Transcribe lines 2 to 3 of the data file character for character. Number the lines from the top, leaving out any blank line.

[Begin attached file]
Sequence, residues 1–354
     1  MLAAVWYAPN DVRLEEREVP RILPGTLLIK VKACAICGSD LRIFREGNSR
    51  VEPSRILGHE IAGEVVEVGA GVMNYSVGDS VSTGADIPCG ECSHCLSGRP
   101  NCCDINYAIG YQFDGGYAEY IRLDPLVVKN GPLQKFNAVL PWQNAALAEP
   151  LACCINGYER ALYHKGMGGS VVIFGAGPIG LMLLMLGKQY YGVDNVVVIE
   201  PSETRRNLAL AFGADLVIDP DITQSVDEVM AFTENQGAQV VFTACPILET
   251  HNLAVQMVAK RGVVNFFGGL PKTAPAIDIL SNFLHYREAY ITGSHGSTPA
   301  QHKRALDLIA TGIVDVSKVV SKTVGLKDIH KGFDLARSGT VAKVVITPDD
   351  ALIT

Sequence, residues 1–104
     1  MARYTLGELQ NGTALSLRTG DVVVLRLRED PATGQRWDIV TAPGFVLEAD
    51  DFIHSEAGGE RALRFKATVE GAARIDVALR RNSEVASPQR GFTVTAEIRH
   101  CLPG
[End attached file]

     1  MLAAVWYAPN DVRLEEREVP RILPGTLLIK VKACAICGSD LRIFREGNSR
    51  VEPSRILGHE IAGEVVEVGA GVMNYSVGDS VSTGADIPCG ECSHCLSGRP